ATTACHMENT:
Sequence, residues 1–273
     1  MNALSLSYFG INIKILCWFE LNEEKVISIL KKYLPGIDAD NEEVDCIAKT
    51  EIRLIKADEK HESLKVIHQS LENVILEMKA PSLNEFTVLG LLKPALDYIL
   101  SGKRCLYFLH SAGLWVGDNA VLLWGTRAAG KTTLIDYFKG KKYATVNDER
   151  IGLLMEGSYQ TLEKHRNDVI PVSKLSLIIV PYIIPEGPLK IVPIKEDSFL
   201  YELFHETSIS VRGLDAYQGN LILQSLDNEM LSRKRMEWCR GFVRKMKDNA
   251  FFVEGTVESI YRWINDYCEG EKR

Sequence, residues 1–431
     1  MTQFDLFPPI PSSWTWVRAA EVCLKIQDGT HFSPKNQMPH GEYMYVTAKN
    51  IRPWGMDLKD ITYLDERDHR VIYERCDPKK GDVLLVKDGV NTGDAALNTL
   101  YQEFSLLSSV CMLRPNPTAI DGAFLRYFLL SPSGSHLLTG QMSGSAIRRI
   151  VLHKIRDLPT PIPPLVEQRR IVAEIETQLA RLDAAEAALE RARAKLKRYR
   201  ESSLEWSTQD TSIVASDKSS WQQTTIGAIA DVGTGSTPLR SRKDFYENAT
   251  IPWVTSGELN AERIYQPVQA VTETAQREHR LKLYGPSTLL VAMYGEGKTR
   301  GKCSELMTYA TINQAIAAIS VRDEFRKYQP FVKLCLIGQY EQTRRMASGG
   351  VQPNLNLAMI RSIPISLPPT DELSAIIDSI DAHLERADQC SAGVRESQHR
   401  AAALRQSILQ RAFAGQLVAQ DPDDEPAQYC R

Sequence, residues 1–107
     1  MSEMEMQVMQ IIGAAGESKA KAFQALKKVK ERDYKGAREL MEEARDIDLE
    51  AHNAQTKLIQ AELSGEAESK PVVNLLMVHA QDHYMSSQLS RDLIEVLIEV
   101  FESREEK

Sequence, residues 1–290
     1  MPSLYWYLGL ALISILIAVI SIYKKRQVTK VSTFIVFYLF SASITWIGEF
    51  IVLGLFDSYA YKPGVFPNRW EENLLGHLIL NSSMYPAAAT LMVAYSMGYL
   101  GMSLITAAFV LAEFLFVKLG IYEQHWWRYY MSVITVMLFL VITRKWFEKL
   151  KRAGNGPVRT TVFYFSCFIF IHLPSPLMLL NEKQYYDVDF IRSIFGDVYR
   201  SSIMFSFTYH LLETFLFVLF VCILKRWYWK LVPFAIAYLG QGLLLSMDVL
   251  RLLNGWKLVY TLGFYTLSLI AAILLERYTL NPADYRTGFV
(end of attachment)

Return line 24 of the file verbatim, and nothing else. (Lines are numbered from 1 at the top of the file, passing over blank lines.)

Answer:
    51  IVLGLFDSYA YKPGVFPNRW EENLLGHLIL NSSMYPAAAT LMVAYSMGYL